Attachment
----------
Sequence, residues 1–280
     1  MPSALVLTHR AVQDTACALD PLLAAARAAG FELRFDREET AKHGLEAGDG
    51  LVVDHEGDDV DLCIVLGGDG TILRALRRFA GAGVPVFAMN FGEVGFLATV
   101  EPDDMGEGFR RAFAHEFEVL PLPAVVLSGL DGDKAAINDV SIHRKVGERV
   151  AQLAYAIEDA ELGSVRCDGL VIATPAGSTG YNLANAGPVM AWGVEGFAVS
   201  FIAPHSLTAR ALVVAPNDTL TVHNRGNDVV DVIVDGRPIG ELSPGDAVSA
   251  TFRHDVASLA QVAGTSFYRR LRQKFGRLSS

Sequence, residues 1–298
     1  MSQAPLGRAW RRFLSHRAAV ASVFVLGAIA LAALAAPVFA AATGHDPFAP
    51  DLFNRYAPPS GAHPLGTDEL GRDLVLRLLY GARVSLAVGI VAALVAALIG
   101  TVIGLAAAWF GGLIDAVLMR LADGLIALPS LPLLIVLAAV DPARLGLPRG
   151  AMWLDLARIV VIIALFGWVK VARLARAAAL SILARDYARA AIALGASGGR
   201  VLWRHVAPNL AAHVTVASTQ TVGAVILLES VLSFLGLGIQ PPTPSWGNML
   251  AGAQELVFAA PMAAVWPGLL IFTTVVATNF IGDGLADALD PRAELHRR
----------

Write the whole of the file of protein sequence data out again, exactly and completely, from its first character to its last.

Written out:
Sequence, residues 1–280
     1  MPSALVLTHR AVQDTACALD PLLAAARAAG FELRFDREET AKHGLEAGDG
    51  LVVDHEGDDV DLCIVLGGDG TILRALRRFA GAGVPVFAMN FGEVGFLATV
   101  EPDDMGEGFR RAFAHEFEVL PLPAVVLSGL DGDKAAINDV SIHRKVGERV
   151  AQLAYAIEDA ELGSVRCDGL VIATPAGSTG YNLANAGPVM AWGVEGFAVS
   201  FIAPHSLTAR ALVVAPNDTL TVHNRGNDVV DVIVDGRPIG ELSPGDAVSA
   251  TFRHDVASLA QVAGTSFYRR LRQKFGRLSS

Sequence, residues 1–298
     1  MSQAPLGRAW RRFLSHRAAV ASVFVLGAIA LAALAAPVFA AATGHDPFAP
    51  DLFNRYAPPS GAHPLGTDEL GRDLVLRLLY GARVSLAVGI VAALVAALIG
   101  TVIGLAAAWF GGLIDAVLMR LADGLIALPS LPLLIVLAAV DPARLGLPRG
   151  AMWLDLARIV VIIALFGWVK VARLARAAAL SILARDYARA AIALGASGGR
   201  VLWRHVAPNL AAHVTVASTQ TVGAVILLES VLSFLGLGIQ PPTPSWGNML
   251  AGAQELVFAA PMAAVWPGLL IFTTVVATNF IGDGLADALD PRAELHRR